Imogen Taylor’s practice seeks to illuminate the modernist painting movement’s embedded relationship with LGBTQ+ histories. Her reclamations of modernist tropes emerge on parallelogram shaped canvases to create a sense of disorientation for the viewer through queer phenomenology. Taylor believes that parallel to the physical act of painting, queerness functions as a medium activated by her body.
Residents from New Zealand
Habby Osk’s interests lies in basic physics: balance, movement, gravity, time and force. These concepts play an important role across her art practice as she creates works which test the limits of balance and stability and explore gravity’s influence over time using sculpture, photography and installation as her primary medium. Osk places objects in precarious situations to probe how far they can go without tipping over, to capture the moment of stillness before the looming collapse and the transformation over time.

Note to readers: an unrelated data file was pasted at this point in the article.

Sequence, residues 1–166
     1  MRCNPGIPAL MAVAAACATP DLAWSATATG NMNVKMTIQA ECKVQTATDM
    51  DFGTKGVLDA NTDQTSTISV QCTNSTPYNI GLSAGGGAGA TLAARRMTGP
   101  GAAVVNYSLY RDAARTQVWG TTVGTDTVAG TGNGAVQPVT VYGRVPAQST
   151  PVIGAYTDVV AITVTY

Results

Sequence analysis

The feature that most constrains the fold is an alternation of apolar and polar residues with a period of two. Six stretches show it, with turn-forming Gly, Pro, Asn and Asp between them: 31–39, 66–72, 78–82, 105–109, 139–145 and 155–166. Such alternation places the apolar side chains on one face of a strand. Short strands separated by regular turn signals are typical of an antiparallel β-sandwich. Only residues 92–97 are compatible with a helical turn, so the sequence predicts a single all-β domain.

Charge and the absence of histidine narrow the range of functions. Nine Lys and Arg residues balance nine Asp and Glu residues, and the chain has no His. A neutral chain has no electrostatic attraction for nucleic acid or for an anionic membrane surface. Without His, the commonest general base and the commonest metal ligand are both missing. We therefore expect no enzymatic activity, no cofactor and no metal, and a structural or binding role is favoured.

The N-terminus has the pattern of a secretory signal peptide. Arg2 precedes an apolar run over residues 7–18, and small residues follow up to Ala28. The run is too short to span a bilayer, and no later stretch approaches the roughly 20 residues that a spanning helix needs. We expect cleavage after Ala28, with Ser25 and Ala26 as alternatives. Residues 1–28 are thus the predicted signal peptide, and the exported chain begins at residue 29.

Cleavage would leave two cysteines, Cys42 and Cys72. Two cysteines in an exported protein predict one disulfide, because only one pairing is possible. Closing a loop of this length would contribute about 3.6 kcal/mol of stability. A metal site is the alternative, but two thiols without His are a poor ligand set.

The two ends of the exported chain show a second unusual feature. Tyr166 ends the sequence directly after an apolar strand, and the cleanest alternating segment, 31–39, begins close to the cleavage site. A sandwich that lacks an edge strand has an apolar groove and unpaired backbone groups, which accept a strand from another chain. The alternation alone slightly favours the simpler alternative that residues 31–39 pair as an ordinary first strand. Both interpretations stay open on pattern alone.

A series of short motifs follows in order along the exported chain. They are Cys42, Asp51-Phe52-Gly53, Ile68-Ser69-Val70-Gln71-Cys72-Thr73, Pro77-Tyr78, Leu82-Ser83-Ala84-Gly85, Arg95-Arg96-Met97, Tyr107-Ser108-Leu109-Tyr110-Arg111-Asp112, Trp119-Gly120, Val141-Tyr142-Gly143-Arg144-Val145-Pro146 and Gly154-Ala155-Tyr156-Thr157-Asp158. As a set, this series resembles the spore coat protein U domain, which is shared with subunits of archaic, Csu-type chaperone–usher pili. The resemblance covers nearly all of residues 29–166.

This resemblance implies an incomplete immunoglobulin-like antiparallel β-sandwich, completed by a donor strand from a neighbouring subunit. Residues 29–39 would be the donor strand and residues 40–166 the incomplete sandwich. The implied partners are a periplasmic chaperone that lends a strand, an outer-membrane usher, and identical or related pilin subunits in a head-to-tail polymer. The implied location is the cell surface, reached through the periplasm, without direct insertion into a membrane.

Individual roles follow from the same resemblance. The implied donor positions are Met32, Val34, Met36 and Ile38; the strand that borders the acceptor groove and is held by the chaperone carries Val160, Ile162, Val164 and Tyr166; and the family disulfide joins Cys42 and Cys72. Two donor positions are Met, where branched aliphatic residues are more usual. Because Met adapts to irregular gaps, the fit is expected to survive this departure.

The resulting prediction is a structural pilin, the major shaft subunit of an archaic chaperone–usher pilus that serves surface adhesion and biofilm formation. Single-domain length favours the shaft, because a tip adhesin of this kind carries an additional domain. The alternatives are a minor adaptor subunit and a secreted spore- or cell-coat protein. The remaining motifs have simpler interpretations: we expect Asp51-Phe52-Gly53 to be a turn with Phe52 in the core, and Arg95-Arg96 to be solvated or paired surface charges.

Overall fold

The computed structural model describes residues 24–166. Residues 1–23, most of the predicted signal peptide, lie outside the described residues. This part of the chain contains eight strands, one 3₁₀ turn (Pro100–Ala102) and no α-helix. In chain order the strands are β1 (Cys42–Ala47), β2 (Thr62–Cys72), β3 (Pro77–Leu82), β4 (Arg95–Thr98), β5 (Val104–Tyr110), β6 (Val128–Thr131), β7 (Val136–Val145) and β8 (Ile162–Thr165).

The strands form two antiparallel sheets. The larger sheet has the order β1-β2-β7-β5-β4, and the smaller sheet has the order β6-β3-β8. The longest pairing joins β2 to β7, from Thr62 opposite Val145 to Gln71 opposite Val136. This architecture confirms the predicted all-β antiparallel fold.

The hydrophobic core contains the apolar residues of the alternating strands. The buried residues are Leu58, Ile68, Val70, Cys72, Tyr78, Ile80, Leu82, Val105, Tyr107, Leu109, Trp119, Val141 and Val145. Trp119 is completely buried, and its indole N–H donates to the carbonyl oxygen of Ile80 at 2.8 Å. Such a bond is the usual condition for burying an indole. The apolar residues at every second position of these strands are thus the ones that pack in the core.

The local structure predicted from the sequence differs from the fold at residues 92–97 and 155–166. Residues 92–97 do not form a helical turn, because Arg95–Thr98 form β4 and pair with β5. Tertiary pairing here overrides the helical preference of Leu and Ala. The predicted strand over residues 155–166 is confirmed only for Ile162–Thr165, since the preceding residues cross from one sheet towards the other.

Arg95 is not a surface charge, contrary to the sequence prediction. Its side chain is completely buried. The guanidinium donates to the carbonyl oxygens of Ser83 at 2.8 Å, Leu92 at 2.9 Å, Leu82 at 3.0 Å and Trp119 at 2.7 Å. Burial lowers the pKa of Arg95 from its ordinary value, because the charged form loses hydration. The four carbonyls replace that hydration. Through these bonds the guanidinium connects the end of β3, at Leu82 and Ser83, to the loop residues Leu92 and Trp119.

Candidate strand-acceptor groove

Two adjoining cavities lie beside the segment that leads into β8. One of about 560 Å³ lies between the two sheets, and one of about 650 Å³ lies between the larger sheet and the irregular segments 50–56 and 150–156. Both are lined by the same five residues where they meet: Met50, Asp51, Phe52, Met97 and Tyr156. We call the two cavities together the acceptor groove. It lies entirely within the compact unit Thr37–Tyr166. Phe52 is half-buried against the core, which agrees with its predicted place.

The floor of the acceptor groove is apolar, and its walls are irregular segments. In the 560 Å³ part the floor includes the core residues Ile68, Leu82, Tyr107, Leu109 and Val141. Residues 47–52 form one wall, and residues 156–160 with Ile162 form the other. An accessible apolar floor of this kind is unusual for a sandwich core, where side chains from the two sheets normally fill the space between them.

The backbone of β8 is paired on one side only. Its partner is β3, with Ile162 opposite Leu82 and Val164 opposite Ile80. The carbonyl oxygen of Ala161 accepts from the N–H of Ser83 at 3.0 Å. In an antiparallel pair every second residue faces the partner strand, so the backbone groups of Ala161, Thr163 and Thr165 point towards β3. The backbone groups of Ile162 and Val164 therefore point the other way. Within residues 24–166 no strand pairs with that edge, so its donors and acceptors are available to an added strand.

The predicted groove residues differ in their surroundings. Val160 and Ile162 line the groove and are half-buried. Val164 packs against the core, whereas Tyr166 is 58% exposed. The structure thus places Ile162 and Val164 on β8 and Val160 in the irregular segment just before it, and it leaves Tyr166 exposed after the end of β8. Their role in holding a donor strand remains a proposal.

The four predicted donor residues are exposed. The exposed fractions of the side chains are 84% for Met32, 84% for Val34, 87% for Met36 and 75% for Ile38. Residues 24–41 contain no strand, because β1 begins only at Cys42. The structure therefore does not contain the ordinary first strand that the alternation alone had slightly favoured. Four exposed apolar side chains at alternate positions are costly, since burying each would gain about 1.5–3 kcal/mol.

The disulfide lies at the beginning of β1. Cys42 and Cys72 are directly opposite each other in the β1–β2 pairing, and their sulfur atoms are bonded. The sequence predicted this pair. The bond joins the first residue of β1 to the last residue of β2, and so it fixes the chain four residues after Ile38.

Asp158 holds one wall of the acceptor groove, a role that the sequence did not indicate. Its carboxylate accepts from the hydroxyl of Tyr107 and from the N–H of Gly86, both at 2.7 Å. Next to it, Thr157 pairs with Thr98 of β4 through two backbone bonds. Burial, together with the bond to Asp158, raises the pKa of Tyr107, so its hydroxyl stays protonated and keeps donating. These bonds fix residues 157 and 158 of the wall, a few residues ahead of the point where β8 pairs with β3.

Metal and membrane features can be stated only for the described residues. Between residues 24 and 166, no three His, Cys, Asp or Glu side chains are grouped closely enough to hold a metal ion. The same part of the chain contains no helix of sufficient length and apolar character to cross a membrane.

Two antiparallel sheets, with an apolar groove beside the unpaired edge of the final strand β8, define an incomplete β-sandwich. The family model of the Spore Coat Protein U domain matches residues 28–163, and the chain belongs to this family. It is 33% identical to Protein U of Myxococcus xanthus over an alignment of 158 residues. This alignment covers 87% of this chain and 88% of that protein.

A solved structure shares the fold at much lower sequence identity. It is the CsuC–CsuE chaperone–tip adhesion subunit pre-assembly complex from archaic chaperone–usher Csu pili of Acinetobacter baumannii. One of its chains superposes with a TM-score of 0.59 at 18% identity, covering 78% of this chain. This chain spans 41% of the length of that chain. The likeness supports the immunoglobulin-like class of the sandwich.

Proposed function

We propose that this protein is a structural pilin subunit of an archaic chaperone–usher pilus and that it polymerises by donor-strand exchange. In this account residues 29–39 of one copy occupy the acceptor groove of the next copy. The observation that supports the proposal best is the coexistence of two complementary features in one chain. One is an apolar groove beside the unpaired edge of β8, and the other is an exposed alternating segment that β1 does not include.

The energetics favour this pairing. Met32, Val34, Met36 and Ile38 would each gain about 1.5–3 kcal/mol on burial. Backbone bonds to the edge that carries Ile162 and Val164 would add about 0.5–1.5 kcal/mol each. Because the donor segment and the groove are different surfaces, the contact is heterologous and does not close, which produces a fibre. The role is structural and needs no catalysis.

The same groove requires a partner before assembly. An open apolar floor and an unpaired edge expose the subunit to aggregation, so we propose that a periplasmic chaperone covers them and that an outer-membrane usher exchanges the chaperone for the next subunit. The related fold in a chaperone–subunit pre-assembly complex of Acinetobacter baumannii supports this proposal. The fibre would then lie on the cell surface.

Ground Floor Residents
Agostino Iacurci works with a wide range of media, including painting, wall-painting, sculpture, drawing, and installation. He creates immersive spaces to transform the perception of given environments. Starting from specific topics like the use of colors in the ancient and classical world, he questions issues of traditions and identity, investigating the process of idealization underlying historical myths and their impact on the collective imagination.